Around 1,000 apps are submitted for the Apple App Store every day.
That's 1,000 complex programs that have to be checked for breaches of policy, explicit content or potential corruptions and security flaws - every day.
It's understandable then, that every once in a while an offensive offering might slip through the next of checks. Take Survival Island 3: Australia Story 3D, banned this week due to some entirely unwholesome violence against Australia's indigenous population.
From stupid smut to sinister games, here are some apps you'll never get to play.
Survival Island 3 – Australia Story 3D
The goal of Survival Island 3: Australia Story 3D was "to survive" - something it roundly failed to achieve.
The creation of NIL Entertainment, the mobile game set players in the midst of the barren Australian outback.
In addition to hunting wildlife and harvesting plants, you were actively rewarded with killing Indigenous Australians - a woeful game element that saw a petition launched to have the title banned. Apple's App Store and Google's Play Store duly responded with removing the title after a month of downloads.
When smartphones were still in their youth, Apple's App Stores was a comparatively lawless world in which all manner of smut crept past launch reviews.
Take 2009's Gym Babes - an app scant on both features and clothing.
The soft-core offering allowed users to watch a variety of women (the "Babes) in low cut tops run on treadmills and use exercise equipment - often in slow motion.
The app was eventually pulled in 2010 when Apple removed several thousand apps for subtle breaches of its sexual content guidelines - heralding a groan from hormone-ridden teens across the world.
Me So Holy
These were the instructions for using the 'Me So Holy' app:
1. Choose your religion
2. Take a picture or choose one from your camera roll
3. Be Holy!
Simple enough - but no one got to see it in action. Apple rejected the app before it ever reached the App Store, on grounds of containing "objectionable material".
It was a decision that didn't go down well with the app's developer, Benjamin Kahle.
"We feel that Apple is being too sensitive to its perceived user group and are disappointed that this otherwise creative, freethinking company would reject such a positive and fun application," he wrote on his blog.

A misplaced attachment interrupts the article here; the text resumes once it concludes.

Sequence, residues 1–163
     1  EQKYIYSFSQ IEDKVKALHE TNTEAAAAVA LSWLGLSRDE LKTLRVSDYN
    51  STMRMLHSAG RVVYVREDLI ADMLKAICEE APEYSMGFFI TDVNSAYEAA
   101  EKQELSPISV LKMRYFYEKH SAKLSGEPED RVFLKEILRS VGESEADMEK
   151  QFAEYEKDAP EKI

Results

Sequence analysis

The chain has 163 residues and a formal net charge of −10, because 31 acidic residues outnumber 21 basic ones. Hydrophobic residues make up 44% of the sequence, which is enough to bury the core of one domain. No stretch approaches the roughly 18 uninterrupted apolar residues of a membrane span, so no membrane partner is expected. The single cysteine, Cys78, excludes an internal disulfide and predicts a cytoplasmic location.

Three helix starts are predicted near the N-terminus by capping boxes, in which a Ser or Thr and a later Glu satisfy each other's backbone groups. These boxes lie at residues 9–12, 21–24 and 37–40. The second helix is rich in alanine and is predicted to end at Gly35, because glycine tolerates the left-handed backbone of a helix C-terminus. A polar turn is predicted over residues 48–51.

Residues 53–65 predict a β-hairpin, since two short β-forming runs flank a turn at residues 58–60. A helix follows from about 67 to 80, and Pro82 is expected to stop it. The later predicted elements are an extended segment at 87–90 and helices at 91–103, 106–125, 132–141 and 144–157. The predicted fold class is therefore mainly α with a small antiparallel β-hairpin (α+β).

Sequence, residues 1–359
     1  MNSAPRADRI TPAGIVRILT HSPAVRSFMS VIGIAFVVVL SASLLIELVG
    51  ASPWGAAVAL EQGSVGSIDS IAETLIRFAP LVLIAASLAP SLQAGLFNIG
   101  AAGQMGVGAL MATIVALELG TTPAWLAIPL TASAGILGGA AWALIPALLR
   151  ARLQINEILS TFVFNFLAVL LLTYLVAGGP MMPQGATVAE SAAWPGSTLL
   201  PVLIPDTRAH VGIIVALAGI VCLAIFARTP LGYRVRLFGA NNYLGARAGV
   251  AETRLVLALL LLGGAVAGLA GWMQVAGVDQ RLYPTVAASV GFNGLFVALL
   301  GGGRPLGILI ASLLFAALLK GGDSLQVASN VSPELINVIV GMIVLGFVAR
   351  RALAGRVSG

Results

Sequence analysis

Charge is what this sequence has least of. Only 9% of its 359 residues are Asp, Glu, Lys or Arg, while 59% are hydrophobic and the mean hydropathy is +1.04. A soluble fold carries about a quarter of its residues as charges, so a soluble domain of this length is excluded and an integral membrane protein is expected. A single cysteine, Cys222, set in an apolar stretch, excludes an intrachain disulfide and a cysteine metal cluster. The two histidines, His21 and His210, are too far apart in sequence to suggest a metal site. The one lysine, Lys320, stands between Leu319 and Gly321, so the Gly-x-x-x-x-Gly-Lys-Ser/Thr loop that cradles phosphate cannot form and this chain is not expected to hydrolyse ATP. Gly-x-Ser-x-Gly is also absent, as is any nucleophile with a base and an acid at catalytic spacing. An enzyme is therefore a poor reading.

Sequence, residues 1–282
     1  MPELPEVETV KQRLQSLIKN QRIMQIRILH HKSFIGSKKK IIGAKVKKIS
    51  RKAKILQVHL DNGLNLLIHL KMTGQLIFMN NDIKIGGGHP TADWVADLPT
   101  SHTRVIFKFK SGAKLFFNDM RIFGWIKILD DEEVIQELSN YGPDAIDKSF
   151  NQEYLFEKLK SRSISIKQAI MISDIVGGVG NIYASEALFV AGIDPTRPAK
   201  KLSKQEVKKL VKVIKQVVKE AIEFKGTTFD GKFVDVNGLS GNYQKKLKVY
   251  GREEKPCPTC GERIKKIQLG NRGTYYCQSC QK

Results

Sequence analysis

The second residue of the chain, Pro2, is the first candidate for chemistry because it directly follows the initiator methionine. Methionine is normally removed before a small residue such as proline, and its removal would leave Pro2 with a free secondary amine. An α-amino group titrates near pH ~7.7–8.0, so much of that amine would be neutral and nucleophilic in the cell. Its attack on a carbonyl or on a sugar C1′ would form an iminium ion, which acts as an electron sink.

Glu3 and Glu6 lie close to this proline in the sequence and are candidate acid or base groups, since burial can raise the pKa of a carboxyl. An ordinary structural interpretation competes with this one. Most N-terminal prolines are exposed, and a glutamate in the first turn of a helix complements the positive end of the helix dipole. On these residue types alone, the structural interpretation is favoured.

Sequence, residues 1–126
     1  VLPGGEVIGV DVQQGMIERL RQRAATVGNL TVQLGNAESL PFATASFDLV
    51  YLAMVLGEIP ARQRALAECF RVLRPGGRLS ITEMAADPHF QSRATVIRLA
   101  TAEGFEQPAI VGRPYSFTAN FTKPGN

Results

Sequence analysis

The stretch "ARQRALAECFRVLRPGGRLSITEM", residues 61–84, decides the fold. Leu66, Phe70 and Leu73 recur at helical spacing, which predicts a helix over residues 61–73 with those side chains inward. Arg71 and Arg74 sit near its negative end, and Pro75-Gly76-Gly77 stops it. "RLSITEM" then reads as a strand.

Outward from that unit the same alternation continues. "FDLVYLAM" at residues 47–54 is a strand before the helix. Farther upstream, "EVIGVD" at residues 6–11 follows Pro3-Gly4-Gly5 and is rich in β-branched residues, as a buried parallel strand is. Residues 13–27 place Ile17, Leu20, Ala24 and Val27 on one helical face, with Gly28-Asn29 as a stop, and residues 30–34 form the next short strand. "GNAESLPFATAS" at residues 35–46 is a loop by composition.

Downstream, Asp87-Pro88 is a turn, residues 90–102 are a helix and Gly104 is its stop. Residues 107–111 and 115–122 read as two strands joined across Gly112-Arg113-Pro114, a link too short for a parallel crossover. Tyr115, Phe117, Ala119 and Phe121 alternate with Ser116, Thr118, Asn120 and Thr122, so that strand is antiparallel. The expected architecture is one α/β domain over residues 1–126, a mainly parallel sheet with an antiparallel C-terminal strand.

In early 2009, Apple's App Store policy became the focus of intense scrutiny when it somehow granted permission for the publication of the Baby Shaker app.
The aim of the disturbing 'game' saw players violently shake their iPhone until two red Xs appeared over the eyes of the infant in as short a time as possible.
Sick, twisted, irresponsible - the app soon caught the attention of child protection groups. It was taken offline after two days.
I Am Rich
Armin Heinrich (almost certainly not his real name) saw an opportunity and took it.
His app, I Am Rich, didn't claim any lofty purpose or abilities. The $999.99 lifestyle app simply presented a red diamond on the screen which when tapped would present the following (poorly spelt) mantra:
I am rich
I deserv [sic] it
I am good,
Apple pulled the app without comment - but not before eight people purchased the app and funded a nice holiday for Heinrich.
The Manhattan Declaration
For those unfamiliar with the controversial Manhattan Declaration, it was a manifesto issued by US Christian groups that claimed to affirm support of "the sanctity of life, traditional marriage, and religious liberty".
Which translates to belittling the options of homosexuals and women in the name of conservative Christianity.
An app was created to support the manifesto, asking people a series of questions ("Do you support same sex relationships?") before asking if they'd like to sign up to support the declaration.
Having initially suggested that the app contained "No objectionable material", media attention and a petition saw the app rightly pulled form the App Store.
Send Me To Heaven
While this app is still available on the Google Play Store, Apple took issue with the object of the 'game' at hand.
Send Me To Heaven asked phone users to throw their handset as high into the air as possible (thus the heaven bit). Accelerometers would calculate how many metres into the air the phone reached, inviting you to beat your own high score.
Apple objected to the app "encouraging behavior that could result in damage to the user’s device".
But only if you had butter fingers, surely?
Brave/foolish Android users can download it here.